How Speech Recognition Works
A speech recognizer takes an audio stream as input and turns it into a text transcription. The speech recognition process can be thought of as having a front end and a back end.
The back end is a specialized search engine that takes the output produced by the front end and searches across three databases: an acoustic model, a lexicon, and a language model.
The acoustic model represents the acoustic sounds of a language, and can be trained to recognize the characteristics of a particular user's speech patterns and acoustic environments.
The lexicon lists a large number of the words in the language, and provides information on how to pronounce each word.
The language model represents the ways in which the words of a language are combined.
For any given segment of sound, there are many things the speaker could potentially be saying. The quality of a recognizer is determined by how good it is at refining its search, eliminating the poor matches, and selecting the more likely matches. This depends in large part on the quality of its language and acoustic models and the effectiveness of its algorithms, both for processing sound and for searching across the models.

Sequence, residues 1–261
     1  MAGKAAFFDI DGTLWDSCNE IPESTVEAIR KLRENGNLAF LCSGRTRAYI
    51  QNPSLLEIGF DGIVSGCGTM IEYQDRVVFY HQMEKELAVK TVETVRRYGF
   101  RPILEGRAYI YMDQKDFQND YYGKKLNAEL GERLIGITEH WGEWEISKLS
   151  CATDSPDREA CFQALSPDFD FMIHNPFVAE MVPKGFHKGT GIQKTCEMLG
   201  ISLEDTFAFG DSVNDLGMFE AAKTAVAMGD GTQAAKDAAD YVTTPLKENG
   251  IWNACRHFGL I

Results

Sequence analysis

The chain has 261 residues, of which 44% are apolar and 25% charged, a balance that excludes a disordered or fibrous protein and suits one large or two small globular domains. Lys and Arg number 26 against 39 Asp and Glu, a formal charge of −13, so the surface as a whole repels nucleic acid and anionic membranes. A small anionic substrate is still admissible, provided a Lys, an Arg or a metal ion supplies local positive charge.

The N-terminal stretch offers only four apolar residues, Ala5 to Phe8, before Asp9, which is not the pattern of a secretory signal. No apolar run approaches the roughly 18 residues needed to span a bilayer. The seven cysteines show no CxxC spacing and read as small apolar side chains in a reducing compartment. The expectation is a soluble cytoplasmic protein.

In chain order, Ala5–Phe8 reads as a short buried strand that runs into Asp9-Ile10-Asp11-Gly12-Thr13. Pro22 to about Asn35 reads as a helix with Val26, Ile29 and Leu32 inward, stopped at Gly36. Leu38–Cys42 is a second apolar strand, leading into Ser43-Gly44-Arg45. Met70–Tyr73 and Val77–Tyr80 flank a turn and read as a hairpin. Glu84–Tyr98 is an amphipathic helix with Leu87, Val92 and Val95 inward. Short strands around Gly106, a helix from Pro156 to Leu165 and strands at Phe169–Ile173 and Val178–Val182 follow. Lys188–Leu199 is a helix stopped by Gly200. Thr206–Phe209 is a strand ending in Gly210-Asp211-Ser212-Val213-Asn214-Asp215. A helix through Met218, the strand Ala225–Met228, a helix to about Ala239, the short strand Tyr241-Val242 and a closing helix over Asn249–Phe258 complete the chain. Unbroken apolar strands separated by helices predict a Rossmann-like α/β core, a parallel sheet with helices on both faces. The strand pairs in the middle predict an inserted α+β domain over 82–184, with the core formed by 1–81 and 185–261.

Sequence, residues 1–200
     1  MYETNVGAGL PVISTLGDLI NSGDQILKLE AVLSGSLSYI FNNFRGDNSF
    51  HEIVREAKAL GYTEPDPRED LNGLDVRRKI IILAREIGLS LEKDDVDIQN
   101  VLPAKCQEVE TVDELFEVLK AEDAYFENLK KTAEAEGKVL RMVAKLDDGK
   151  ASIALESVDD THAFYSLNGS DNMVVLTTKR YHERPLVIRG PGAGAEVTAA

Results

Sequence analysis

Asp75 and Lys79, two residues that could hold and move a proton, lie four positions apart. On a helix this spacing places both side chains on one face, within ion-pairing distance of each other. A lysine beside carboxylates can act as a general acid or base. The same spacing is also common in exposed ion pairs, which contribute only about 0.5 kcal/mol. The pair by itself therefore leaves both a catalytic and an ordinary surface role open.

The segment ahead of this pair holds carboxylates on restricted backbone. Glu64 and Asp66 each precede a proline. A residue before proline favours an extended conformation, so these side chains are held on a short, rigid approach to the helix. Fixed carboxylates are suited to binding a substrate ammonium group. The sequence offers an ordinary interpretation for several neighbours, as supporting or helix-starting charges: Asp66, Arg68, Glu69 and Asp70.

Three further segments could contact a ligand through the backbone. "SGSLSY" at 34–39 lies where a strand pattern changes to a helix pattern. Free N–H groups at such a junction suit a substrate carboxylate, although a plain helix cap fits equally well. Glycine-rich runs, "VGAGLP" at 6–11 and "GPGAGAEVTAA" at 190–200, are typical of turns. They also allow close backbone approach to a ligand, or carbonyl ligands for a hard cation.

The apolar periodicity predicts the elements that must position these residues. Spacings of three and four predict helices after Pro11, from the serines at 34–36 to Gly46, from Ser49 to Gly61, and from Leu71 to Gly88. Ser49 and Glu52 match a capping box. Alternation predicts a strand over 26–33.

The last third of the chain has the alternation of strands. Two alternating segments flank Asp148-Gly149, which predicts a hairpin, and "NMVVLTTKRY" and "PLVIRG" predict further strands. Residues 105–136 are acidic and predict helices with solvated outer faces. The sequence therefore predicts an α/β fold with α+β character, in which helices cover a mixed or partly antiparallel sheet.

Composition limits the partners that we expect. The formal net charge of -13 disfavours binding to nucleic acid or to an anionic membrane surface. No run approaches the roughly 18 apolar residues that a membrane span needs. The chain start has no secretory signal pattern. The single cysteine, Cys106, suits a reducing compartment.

While the built-in language model of a recognizer is intended to represent a comprehensive language domain (such as everyday spoken English), a speech application will often need to process only certain utterances that have particular semantic meaning to that application. Rather than using the general purpose language model, an application should use a grammar that constrains the recognizer to listen only for speech that is meaningful to the application. This provides the following benefits:
Increases the accuracy of recognition
Guarantees that all recognition results are meaningful to the application
Enables the recognition engine to specify the semantic values inherent in the recognized text
System.Speech provides processes for authoring grammars programmatically, and also supports grammars authored using industry-standard markup language. See Create Grammars.